Recently, our group identified a previously unrecognized link between retinoid and rexinoid actions and activation of ubiquitin-proteasome degradation, and identified an alternative degradation program involving ubiquitin-like species, such as the interferon stimulated gene-15 (ISG15). In addition, novel substrates of this pathway were also found, including: PML/RAR-alpha and cyclin D1, among other growth-regulators. These studies provided mechanism that protein degradation pathways can be activated for cancer therapy. Currently, we are studying the role of these proteins in lung tumorigenesis.
Dr. Dmitrovsky’s lab also studies the impact of targeting the cyclin E-CDK2 complex in lung cancer. We have demonstrated that this complex is an active lung cancer target and identified a novel antineoplastic pathway, which we termed anaphase catastrophe. Using murine transgenic models that expressed lung-specific wild-type or proteasome degradation dependent cyclin E species, we observed that lung cancers spontaneously formed in both models and that the onset and frequency of lung carcinogenesis was promoted in the proteasome degradation-resistant lines. In addition, we discovered that the centrosomal protein CP110 is a direct CDK2 target and induces anaphase catastrophe. These studies lead to novel therapeutic strategies to combat lung cancer. Currently, we are exploring novel anti-neoplastic agents to target this pathway.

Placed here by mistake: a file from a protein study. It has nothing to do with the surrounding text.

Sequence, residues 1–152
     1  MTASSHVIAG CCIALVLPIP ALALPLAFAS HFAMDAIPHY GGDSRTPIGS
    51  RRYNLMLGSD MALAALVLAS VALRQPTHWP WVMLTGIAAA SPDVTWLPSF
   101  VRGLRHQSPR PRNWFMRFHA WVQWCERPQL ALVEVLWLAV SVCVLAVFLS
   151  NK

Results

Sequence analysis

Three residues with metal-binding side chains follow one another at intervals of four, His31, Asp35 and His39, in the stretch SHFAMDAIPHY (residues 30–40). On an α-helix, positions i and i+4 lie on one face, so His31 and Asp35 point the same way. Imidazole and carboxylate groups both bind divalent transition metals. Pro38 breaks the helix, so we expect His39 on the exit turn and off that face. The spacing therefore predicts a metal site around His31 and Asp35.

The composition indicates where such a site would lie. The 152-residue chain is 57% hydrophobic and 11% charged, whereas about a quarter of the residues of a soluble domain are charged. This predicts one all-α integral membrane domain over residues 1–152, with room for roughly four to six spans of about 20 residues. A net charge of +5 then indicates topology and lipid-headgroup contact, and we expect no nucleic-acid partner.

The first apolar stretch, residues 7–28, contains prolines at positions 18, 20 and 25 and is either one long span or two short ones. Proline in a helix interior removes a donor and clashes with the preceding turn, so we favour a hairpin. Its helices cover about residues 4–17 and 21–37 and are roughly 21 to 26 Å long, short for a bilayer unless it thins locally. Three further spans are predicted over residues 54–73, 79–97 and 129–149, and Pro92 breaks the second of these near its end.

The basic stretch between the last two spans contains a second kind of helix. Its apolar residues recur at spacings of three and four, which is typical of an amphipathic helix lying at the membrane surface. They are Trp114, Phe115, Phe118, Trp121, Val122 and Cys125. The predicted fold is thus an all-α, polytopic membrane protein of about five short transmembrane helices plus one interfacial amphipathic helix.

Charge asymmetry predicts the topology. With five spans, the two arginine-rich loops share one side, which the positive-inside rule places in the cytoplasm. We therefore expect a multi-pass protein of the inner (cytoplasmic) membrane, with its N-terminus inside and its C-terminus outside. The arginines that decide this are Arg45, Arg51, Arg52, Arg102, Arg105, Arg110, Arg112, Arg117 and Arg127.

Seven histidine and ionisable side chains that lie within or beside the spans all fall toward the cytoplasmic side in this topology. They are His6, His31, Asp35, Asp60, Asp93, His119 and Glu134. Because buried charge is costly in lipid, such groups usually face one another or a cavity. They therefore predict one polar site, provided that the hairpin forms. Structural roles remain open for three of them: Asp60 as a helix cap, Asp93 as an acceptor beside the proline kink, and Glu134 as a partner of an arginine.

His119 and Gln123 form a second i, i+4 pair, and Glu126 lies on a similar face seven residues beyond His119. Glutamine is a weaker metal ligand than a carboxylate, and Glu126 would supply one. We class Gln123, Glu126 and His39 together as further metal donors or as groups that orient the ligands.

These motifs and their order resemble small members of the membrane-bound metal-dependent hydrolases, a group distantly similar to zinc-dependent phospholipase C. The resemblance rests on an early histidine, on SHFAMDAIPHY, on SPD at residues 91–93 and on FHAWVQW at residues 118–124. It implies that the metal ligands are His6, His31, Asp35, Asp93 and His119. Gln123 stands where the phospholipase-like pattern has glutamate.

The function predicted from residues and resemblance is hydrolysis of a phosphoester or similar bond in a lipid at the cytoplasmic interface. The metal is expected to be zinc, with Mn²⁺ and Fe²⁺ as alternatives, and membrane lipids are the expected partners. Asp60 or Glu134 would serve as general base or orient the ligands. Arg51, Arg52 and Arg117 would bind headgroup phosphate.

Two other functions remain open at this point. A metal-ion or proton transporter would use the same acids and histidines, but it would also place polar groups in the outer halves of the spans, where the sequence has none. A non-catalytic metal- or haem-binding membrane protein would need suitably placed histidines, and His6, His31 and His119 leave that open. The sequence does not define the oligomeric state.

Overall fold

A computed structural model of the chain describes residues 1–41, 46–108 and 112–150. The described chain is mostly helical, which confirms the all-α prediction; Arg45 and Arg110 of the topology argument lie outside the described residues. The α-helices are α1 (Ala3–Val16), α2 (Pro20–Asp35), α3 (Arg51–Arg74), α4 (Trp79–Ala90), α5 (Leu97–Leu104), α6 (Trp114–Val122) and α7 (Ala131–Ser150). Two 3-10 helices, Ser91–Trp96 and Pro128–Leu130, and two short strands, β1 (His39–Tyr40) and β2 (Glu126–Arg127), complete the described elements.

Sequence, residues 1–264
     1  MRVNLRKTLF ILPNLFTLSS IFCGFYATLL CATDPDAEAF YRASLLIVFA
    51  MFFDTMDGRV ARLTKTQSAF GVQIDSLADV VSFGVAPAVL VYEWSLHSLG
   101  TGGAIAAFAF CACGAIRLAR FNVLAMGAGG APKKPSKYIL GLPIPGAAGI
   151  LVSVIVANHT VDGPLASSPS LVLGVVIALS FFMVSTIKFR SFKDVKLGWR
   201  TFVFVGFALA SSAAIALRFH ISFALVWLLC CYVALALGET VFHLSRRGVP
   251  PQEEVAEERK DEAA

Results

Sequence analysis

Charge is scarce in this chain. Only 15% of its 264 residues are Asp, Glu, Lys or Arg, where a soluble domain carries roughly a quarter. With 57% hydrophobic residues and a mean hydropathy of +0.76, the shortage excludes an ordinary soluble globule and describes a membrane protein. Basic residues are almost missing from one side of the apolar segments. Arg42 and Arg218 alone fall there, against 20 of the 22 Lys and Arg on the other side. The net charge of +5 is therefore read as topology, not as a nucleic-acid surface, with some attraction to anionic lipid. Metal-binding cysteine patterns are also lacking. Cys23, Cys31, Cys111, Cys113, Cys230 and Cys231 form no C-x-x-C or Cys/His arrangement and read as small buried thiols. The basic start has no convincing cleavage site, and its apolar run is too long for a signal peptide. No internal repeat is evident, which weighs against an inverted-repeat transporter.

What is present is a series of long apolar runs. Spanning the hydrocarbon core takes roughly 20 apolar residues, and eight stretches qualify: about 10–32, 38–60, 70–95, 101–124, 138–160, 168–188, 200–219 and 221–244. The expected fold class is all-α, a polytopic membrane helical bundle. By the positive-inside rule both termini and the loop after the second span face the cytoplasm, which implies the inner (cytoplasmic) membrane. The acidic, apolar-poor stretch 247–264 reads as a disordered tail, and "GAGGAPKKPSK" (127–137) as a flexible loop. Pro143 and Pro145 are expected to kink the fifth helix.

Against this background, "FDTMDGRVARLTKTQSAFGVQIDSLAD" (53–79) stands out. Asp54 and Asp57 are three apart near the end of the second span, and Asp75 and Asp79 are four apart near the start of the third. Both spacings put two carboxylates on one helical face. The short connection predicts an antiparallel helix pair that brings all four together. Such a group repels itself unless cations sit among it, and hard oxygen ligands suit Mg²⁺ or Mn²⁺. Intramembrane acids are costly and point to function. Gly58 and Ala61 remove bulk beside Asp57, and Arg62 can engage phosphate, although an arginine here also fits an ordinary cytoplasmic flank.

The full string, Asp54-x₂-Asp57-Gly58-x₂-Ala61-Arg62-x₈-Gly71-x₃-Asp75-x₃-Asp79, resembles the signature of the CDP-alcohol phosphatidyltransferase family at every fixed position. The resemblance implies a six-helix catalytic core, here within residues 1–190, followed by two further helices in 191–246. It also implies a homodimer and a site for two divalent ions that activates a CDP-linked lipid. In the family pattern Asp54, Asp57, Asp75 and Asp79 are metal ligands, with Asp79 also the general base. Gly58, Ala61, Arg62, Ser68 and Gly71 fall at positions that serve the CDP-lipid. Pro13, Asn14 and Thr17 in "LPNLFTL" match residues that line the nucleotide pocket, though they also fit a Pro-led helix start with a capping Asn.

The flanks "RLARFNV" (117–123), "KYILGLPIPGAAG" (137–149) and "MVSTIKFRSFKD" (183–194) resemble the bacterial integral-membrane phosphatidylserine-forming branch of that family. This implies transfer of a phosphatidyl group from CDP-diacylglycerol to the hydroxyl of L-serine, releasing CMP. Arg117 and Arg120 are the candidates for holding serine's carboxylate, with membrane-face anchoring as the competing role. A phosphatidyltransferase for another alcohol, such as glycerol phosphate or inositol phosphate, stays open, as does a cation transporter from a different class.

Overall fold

Our lab is actively involved in translating basic research findings into clinical trials. As an example, we identified cyclin degradation pathways upregulated after rexinoid treatment. This discovery laid the foundation for rexinoid-based lung cancer trials in early stage and advanced lung cancer patients.